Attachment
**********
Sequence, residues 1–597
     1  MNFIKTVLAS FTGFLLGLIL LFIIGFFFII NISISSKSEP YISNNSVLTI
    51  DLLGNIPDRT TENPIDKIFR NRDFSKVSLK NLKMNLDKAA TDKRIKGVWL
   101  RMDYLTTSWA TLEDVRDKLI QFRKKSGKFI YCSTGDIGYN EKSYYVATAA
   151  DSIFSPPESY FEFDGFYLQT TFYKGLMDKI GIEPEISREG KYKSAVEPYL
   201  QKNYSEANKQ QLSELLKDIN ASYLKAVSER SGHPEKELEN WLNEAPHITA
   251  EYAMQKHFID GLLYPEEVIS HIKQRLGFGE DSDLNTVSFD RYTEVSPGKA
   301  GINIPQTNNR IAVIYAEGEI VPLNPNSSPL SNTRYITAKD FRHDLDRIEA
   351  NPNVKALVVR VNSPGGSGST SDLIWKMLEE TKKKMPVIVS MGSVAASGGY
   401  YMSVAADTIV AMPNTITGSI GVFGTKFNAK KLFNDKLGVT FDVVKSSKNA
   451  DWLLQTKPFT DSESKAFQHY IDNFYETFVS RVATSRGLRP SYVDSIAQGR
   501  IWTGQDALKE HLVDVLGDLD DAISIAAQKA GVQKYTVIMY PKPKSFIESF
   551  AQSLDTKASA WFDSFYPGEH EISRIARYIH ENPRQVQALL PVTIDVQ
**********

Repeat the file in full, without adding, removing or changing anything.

Sequence, residues 1–597
     1  MNFIKTVLAS FTGFLLGLIL LFIIGFFFII NISISSKSEP YISNNSVLTI
    51  DLLGNIPDRT TENPIDKIFR NRDFSKVSLK NLKMNLDKAA TDKRIKGVWL
   101  RMDYLTTSWA TLEDVRDKLI QFRKKSGKFI YCSTGDIGYN EKSYYVATAA
   151  DSIFSPPESY FEFDGFYLQT TFYKGLMDKI GIEPEISREG KYKSAVEPYL
   201  QKNYSEANKQ QLSELLKDIN ASYLKAVSER SGHPEKELEN WLNEAPHITA
   251  EYAMQKHFID GLLYPEEVIS HIKQRLGFGE DSDLNTVSFD RYTEVSPGKA
   301  GINIPQTNNR IAVIYAEGEI VPLNPNSSPL SNTRYITAKD FRHDLDRIEA
   351  NPNVKALVVR VNSPGGSGST SDLIWKMLEE TKKKMPVIVS MGSVAASGGY
   401  YMSVAADTIV AMPNTITGSI GVFGTKFNAK KLFNDKLGVT FDVVKSSKNA
   451  DWLLQTKPFT DSESKAFQHY IDNFYETFVS RVATSRGLRP SYVDSIAQGR
   501  IWTGQDALKE HLVDVLGDLD DAISIAAQKA GVQKYTVIMY PKPKSFIESF
   551  AQSLDTKASA WFDSFYPGEH EISRIARYIH ENPRQVQALL PVTIDVQ